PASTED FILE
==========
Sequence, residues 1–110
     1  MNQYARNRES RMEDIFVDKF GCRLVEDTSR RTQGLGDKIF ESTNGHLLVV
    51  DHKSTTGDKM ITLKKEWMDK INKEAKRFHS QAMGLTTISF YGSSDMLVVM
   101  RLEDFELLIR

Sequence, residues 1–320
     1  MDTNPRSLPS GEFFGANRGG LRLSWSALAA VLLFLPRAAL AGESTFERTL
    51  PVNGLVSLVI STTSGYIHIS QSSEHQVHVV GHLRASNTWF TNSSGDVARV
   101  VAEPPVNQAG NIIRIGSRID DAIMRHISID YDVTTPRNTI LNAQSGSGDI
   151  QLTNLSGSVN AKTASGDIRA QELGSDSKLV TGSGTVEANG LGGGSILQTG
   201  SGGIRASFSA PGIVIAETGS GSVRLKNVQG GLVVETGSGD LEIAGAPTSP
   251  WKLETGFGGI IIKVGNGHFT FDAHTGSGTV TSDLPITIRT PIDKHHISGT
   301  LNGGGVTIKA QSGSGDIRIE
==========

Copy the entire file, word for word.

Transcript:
Sequence, residues 1–110
     1  MNQYARNRES RMEDIFVDKF GCRLVEDTSR RTQGLGDKIF ESTNGHLLVV
    51  DHKSTTGDKM ITLKKEWMDK INKEAKRFHS QAMGLTTISF YGSSDMLVVM
   101  RLEDFELLIR

Sequence, residues 1–320
     1  MDTNPRSLPS GEFFGANRGG LRLSWSALAA VLLFLPRAAL AGESTFERTL
    51  PVNGLVSLVI STTSGYIHIS QSSEHQVHVV GHLRASNTWF TNSSGDVARV
   101  VAEPPVNQAG NIIRIGSRID DAIMRHISID YDVTTPRNTI LNAQSGSGDI
   151  QLTNLSGSVN AKTASGDIRA QELGSDSKLV TGSGTVEANG LGGGSILQTG
   201  SGGIRASFSA PGIVIAETGS GSVRLKNVQG GLVVETGSGD LEIAGAPTSP
   251  WKLETGFGGI IIKVGNGHFT FDAHTGSGTV TSDLPITIRT PIDKHHISGT
   301  LNGGGVTIKA QSGSGDIRIE